Mogford, Thomas - 'Sign of the Cross'
THE SIGN OF THE CROSS is number two in Thomas Mogford's series about lawyer Spike Sanguinetti. A third, HOLLOW MOUNTAIN, is also out now.
At CrimeFest 2014 Mogford said that the small size of Spike's home Gibraltar meant that his adventures had to take him further afield, and in this case he is called out to the other end of the Mediterranean. His Maltese uncle and aunt have died - in a murder-suicide, according to the local authorities. Spike is needed to sort out their affairs.
Malta is vividly realised without the book becoming a tourist guide. Historic and well-preserved in some places, run-down and seedy in others, and above all a tiny community; Spike sees both sides of the island. Its small size is part of the Malta's greatest problem. It has become notorious as a crossing place between Europe and Africa, and acts as a way-station for thousands of refugees on their way north. After a period in detention they are moved to run-down tent camps elsewhere on the island. They are a massive strain on the resources of a tiny economy and hence unpopular with many of the locals. Equally the refugees make easy pickings for predators.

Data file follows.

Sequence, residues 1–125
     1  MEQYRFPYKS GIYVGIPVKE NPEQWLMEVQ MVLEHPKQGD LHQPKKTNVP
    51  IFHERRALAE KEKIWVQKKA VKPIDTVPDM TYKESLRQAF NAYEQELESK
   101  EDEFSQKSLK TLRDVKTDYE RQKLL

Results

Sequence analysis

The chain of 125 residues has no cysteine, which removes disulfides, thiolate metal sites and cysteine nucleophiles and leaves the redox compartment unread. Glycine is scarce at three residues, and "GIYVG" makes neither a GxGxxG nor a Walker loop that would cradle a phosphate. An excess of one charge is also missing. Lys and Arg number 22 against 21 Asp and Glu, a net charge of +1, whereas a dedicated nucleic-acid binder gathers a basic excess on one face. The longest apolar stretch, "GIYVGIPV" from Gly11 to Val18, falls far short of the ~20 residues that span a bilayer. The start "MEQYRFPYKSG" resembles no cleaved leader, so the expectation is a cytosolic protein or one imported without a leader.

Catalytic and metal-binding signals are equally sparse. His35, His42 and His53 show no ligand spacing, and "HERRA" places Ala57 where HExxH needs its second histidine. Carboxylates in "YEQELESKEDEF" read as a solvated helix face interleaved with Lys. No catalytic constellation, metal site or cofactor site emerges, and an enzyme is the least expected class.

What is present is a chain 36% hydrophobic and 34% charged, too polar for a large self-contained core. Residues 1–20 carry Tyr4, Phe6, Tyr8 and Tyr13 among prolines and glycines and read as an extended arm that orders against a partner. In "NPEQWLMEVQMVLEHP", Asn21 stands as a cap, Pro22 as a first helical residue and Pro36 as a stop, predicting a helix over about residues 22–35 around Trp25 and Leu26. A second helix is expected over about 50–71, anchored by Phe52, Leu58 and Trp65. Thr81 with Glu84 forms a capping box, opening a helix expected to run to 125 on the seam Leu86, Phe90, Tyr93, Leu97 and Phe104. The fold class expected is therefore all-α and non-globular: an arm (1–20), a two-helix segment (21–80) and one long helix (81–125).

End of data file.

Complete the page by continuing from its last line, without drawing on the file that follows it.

Spike's love interest from SHADOW OF THE ROCK, Zahra, is now working as an Arabic-to-English translator for a refugee charity. Through her Spike gets to see conditions in the camps at first-hand.
Meanwhile, he looks into the deaths of his uncle and aunt. David Mifsud, an art historian, had been acting very strangely before his death and there is scant evidence for suicide. It soon looks to Spike as though his uncle's murder is connected to a deeper mystery. This side of the story brings in the Knights of Saint John, the order of knights which has run Malta since medieval times, and who are represented in the book by the baron who was David Mifsud's landlord.
With all the ancient chivalric orders and hidden secrets I was slightly worried we were getting into 'Da Vinci Code' territory, but this is ultimately a down-to-earth thriller. Spike is a realistic sort of hero. His home life is complicated by caring for an increasingly frail father and the early loss of an alcoholic mother. He's a bit of a fool when it comes to managing his love life, which makes trouble for those around him. But he is loyal to his friends and tries to do right by them, even if it drags him into danger.
Overall, a taut thriller with a strong sense of place and a conscience: Mogford isn't afraid to confront the conditions in the refugee camps.
Health warning: there is a graphic scene of murder in chapter one which may offend some readers. You can safely skip it.
Rich Westwood, England
last updated 25/05/2014 09:27